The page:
Sludge—Now Better Than Ever
I was startled to read the article about using wastewater sludge as fertilizer in June's R&D section ["Sludge: The New Fertilizer"]. This technology is decades old and currently practiced on a large scale in many areas. As far as I could tell from the article, Martin Adjei did not bring any new information to this area of sludge disposal.
Reporter Paroma Basu responds: We erred in implying that farmers no longer fertilize their crops with sludge. This approach has been restricted, however, by a paucity of data showing how well sludge competes with chemical fertilizers. Adjei's research determined which type of sludge works best and demonstrated that sludge actually improves the yield of Bahia grass, a common forage crop. He also found no evidence of lingering organic toxins or infectious microbes. These results should help alleviate widespread concerns about the safety of sludge-fertilized animal feed and produce.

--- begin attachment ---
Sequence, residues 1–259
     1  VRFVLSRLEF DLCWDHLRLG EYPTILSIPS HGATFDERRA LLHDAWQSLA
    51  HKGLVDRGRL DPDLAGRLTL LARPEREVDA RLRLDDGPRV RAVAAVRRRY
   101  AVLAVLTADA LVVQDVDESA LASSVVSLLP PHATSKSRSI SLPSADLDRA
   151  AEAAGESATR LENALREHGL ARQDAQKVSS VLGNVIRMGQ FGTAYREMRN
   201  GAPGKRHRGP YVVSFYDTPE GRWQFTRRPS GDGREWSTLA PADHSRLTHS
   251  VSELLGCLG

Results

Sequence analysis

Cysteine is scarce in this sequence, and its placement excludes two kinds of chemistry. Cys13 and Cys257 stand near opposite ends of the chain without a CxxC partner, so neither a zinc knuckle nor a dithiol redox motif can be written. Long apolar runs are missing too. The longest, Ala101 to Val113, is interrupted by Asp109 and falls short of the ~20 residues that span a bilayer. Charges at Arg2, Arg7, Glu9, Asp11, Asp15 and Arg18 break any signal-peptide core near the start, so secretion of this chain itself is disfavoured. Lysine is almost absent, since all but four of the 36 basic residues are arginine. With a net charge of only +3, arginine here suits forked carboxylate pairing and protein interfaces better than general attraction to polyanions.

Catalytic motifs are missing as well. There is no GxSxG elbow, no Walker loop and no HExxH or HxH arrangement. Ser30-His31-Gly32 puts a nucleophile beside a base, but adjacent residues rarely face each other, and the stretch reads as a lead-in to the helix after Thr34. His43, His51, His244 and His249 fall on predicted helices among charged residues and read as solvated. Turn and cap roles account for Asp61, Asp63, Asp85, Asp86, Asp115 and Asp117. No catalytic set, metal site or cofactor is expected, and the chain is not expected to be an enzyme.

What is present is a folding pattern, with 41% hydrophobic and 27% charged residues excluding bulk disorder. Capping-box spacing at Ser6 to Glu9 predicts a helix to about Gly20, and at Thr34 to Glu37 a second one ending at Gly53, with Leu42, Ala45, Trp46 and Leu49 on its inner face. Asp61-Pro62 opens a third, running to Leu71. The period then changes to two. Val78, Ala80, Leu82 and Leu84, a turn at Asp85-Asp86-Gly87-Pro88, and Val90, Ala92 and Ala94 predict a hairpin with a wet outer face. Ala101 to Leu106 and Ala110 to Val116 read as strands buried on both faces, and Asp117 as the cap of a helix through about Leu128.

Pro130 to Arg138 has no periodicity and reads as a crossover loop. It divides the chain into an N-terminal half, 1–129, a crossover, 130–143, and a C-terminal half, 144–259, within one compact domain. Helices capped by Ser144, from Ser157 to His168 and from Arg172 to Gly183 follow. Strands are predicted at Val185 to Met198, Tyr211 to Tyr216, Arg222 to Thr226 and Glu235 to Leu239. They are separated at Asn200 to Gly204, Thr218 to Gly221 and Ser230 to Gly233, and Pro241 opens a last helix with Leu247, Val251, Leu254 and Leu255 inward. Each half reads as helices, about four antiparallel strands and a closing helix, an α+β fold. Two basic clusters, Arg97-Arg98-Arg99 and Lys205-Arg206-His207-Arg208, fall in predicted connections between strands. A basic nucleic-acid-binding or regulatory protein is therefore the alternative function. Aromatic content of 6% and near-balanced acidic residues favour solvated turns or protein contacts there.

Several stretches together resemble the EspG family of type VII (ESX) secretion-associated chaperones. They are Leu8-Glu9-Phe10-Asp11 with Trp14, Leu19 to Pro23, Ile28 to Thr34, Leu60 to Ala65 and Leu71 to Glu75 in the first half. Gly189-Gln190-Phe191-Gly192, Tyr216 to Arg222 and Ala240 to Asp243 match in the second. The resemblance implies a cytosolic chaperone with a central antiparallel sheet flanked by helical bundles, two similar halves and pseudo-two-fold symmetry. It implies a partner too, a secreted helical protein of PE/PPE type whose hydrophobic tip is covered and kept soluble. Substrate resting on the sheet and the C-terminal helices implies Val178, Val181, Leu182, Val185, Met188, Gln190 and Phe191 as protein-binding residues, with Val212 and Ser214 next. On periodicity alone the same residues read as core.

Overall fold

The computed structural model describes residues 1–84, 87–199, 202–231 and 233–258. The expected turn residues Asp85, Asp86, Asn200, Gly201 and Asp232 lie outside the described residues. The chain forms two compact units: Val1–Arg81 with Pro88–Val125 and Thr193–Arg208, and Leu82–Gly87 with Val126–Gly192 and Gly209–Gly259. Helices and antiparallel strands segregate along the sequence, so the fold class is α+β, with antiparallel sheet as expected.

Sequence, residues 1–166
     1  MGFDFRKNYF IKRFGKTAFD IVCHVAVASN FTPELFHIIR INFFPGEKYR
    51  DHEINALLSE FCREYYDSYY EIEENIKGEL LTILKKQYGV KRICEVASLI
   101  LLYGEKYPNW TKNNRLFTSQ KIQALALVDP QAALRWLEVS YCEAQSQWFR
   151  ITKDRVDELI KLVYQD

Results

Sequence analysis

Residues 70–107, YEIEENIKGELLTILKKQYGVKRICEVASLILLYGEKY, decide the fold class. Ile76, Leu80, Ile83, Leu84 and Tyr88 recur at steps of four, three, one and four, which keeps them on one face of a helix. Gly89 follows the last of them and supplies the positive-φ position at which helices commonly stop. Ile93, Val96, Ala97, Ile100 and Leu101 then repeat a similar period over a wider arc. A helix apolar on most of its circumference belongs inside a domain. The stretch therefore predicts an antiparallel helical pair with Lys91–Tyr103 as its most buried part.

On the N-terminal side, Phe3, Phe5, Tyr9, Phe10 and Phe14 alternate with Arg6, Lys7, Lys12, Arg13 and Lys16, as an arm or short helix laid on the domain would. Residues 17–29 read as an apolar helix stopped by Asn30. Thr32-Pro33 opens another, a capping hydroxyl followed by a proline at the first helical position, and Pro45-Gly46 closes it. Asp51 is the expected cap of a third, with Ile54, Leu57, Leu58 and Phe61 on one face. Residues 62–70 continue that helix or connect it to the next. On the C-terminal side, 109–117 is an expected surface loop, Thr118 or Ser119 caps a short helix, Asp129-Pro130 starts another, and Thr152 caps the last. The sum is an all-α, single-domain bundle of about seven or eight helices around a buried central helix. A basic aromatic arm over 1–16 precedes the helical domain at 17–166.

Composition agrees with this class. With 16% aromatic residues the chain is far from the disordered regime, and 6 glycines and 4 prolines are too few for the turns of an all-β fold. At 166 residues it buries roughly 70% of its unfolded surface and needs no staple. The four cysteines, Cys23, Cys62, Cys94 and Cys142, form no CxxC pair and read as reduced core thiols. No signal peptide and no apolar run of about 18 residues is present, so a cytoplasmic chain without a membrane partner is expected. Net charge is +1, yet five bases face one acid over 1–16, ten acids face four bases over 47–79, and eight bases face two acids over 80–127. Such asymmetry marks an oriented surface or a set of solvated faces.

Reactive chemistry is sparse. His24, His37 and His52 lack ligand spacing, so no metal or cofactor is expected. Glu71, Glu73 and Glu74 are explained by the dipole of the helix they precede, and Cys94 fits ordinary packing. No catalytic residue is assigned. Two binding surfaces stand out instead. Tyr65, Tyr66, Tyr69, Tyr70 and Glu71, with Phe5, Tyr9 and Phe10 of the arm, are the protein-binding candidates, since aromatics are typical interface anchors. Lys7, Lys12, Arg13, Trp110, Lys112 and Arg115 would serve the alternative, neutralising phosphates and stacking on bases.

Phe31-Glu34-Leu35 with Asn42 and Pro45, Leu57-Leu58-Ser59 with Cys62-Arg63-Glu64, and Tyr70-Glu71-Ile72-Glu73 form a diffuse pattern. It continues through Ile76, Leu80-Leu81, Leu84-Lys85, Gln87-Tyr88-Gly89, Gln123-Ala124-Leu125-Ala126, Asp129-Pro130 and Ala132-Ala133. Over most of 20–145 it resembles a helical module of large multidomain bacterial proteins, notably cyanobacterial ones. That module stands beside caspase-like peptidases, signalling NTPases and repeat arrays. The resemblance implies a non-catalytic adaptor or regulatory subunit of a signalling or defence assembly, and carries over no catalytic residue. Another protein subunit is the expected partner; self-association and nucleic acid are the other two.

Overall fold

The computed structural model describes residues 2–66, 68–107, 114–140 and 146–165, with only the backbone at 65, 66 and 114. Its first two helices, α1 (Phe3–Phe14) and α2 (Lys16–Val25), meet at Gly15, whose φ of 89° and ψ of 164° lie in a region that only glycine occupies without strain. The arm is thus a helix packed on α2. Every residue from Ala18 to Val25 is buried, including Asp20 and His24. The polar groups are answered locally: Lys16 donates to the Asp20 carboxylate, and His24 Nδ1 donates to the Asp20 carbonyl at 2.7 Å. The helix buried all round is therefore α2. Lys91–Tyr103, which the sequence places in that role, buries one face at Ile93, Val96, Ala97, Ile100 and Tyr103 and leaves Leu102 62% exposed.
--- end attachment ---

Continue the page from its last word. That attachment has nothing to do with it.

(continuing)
Kathleen McGowan's article "Where Do We Really Come From?" in the May issue claims that biologists say the concept of race is biologically meaningless, presumably because "any large human population has about 85 percent as much genetic variation as the species as a whole." However, I recently read that African American men have a 150 percent greater incidence of prostate cancer than white American men. Presumably, the scientists who analyzed this data think that there are measurable differences among races.
Matthew A. Jacobs